Michigan State University researchers are providing leadership in a new statewide effort to improve literacy.
Tanya Wright helped write the preschool and K-3 Literacy Essentials outlining evidence-based teaching practices that should happen for “every child, in every classroom, every day” to increase proficiency in reading and writing. She and fellow MSU College of Education scholar Laura Tortorelli are also assisting in the creation of free online training modules based on the essentials that will be available to all educators.
The first modules for the K-3 essentials are now available; the remaining modules are expected to be released on a rolling basis starting in early 2018. The collaborative project is led by the Michigan Association of Intermediate School Administrators, with multiple partners and funding from the Michigan Department of Education.
“It’s a special time in our state,” said Wright, associate professor of teacher education. “We have many organizations, districts and universities all working together on a common goal and agreeing on a common set of instructional practices we’d like to see in every classroom.”
Examples include supporting literacy motivation, doing read-alouds, instructing students in small groups to address their learning needs and collaborating with families.
“These are things we know from research that all kids need. Sometimes, not all of the essentials are happening in classrooms. Sometimes, they are happening, but not in ways that are well-aligned with the research,” Wright said.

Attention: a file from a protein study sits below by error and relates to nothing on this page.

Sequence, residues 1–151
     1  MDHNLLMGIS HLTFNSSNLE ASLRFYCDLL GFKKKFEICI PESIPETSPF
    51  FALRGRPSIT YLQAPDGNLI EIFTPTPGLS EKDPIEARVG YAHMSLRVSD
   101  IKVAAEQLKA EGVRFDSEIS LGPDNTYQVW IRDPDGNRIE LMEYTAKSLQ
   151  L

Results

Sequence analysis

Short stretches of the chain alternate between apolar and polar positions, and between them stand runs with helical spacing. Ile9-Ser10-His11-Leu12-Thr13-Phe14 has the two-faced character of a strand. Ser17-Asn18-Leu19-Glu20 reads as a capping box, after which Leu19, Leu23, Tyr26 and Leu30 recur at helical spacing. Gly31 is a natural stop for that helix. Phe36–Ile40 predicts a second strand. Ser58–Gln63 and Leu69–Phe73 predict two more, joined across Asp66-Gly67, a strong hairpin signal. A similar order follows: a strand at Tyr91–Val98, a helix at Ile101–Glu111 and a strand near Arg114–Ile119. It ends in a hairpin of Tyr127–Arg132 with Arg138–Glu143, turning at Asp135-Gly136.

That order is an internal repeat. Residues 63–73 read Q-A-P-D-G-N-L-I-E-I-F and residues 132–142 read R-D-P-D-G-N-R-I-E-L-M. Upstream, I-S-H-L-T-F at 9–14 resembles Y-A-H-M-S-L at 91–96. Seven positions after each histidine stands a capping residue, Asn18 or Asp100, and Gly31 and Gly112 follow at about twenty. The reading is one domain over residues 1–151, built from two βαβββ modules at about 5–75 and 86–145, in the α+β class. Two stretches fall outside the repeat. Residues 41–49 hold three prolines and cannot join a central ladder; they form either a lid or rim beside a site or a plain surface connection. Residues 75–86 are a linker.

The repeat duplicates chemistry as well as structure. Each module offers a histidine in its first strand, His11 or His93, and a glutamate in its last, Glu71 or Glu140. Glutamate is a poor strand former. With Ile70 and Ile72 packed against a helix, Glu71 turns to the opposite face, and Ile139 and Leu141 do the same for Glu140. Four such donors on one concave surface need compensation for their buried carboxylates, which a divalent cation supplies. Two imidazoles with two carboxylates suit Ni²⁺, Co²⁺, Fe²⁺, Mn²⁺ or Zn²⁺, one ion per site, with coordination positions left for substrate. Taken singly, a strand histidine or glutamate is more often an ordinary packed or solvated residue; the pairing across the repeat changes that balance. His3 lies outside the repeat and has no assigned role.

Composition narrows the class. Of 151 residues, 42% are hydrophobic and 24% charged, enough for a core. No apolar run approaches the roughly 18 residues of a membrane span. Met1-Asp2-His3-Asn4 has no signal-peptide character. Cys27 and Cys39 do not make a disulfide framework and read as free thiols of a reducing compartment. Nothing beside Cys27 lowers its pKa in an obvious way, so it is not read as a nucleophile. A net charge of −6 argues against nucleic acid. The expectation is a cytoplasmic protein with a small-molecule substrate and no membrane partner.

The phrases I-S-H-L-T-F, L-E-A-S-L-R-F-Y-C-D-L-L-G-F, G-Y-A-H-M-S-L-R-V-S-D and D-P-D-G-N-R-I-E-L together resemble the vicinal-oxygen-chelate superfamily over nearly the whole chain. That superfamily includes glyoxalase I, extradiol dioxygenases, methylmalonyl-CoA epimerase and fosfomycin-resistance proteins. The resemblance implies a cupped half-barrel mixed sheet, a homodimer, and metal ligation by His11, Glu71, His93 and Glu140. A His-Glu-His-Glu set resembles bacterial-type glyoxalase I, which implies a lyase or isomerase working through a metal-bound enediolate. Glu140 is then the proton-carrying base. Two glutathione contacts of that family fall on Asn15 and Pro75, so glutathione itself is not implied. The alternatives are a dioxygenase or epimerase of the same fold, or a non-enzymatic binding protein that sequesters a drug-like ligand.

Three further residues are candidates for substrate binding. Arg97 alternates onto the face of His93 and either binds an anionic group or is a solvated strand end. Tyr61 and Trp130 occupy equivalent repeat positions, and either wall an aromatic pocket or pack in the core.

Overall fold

Wright and Tortorelli, along with Nell K. Duke of University of Michigan, are featured in some of the training videos to explain research behind key practices. They also designed the content in the modules and worked with Michigan Virtual and teachers across the state to produce classroom videos for each literacy essential.
MSU Educational Administration faculty members Kristy Cooper Stein and Melissa Usiak are also contributing to the project. They helped draft the Literacy Essentials document focused on school-wide or organizational practices to foster literacy. Usiak and Cooper Stein shared the research with literacy coaches from across the state and have made presentations to Michigan school leaders as they prepare to support the necessary systemic changes.
Update 12/11/18: One video in the Literacy Essentials modules received a 2018 Telly Award for its efforts in improving literacy education in Michigan. In particular, the K-3 Essential 1.1: Goal Setting video was recognized. It shows practical examples of real teachers in real classrooms throughout the state, implementing efforts to foster literacy motivation and engagement within and across lessons.
The award-winning video is a part of a larger series—16 with a pre-kindergarten focus and 33 for K-3—that are embedded within online professional learning modules. With full use of the modules and videos, teachers, districts and others can see examples of and then utilize implementation of Literacy Essentials within Michigan classrooms.
“I would like to thank all of the fantastic teachers and students who worked on making these videos, as well as Message Makers who filmed and edited the video,” said Wright. She was on hand during filming in all of the Michigan classrooms, lesson planning with teachers and later selecting segments of lessons that were shown in the video.
Learn more at literacyessentials.org.